This defines the destination location. Next, you are prompted to create a trigger area, a spot on the screen that causes the BetterTouchTool to turn your window into that destination. It is standard to be in the center of the screen, but you can place this target wherever you want.

  BetterTouchTool. The small blue rounded rectangle is a measure that appears when you move a window. Drag the window to that target and it clicks to your predefined size and position (the larger blue area).

BetterTouchTool. The small blue rounded rectangle is a measure that appears when you move a window. Drag the window to this target and it clicks to your predefined size and position (the larger blue area).

It's ridiculously powerful, especially given that none of this is what BetterTouchTool is selling for. The window management is just a sideshow to the main features and yet it is worth buying the entire app only for these.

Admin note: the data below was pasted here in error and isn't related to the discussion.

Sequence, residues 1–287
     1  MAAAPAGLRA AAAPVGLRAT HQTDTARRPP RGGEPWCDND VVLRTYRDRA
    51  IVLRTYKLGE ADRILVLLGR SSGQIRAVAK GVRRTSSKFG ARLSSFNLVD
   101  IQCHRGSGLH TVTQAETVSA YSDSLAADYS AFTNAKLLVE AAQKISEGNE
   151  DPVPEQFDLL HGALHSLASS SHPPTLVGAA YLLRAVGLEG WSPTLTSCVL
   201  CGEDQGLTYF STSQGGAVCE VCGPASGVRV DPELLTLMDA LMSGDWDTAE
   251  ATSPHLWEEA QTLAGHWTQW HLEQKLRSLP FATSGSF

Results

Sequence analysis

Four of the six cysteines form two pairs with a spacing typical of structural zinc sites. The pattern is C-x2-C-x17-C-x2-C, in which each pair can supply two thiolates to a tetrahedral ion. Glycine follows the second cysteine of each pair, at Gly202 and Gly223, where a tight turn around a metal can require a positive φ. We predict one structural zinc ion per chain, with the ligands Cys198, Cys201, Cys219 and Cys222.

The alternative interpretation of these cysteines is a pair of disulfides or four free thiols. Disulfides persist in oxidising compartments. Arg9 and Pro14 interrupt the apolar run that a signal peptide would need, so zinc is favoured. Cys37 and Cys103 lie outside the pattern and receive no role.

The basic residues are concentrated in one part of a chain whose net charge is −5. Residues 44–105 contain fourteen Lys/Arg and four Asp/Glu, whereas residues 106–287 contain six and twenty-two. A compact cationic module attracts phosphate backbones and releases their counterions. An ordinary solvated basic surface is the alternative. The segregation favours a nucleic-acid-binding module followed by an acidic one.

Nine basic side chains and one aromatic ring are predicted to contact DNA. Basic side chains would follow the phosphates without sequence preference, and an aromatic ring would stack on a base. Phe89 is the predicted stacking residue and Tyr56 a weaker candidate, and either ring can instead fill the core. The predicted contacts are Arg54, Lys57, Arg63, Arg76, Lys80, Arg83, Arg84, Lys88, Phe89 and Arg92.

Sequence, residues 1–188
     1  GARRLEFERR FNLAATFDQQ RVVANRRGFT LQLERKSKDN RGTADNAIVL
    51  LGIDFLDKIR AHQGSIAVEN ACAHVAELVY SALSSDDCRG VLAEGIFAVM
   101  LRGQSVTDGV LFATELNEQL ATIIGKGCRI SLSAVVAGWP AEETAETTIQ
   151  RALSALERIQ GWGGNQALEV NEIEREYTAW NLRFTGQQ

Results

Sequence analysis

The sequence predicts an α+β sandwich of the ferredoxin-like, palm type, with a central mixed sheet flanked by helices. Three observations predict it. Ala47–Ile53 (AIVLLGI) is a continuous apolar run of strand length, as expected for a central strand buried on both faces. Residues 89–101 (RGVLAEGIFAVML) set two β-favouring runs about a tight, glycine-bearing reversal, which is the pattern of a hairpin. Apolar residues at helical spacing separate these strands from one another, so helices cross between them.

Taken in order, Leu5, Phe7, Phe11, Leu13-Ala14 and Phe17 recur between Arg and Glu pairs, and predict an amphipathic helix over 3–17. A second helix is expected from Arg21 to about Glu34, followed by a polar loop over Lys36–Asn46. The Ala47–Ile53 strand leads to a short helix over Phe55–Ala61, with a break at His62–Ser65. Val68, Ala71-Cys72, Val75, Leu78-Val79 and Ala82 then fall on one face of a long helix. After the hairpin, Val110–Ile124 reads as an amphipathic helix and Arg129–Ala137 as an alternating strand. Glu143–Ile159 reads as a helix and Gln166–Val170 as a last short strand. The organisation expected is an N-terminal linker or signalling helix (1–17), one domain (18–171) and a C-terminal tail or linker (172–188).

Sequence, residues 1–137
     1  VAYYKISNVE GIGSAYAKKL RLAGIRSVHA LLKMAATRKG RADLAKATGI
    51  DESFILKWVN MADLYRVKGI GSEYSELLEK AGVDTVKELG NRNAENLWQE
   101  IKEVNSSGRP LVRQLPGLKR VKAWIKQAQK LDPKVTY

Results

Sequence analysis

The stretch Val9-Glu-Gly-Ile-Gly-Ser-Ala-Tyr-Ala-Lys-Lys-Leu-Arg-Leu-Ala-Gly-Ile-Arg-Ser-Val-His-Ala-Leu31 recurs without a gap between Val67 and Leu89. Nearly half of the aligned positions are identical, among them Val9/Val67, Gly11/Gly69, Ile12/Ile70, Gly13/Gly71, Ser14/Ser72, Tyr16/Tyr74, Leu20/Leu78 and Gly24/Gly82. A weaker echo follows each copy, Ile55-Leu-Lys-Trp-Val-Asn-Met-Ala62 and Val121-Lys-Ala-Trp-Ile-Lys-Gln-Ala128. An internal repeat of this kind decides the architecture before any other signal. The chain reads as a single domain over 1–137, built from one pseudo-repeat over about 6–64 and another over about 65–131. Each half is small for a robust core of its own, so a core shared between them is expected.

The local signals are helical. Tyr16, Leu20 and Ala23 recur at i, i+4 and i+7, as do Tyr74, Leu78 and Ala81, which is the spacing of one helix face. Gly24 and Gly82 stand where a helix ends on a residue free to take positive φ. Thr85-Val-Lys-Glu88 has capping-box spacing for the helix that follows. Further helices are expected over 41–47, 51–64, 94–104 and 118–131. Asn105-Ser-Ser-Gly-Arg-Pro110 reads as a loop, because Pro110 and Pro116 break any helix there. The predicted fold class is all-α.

Similarly, it is undoubtedly worth buying Keyboard Maestro for all the things it can do, and it includes window management. Keyboard Maestro, however, is more complicated to get into, and of the many things it can do for your Mac, moving windows around it may be the least obvious set up.

One way to

You get Apple's macOS window features for free with your Mac. Moom costs ten dollars. BetterTouchTool is available via Setapp, or for a negligible $ 7.50 directly from the manufacturer. And the Keyboard Maestro costs $ 36.

You can get some of these same benefits, for just 1000 to 2000 dollars.

Some large screens, especially the so-called Ultrawide, now come with a kind of window management embedded.

While the way they do it varies, they largely divide the screen into separate zones. Each of these zones acts as a complete screen on its own, and you can choose to limit the windows to an app to one of them.

It works, but one of the benefits of spending a lot of money on an ultrawide monitor is that you can spread your work any way you want.

So even if you need a Ultrawide and it is economically sensible to spend that amount, you can spend $ 7.50 extra and get the BetterTouchTool to go with it.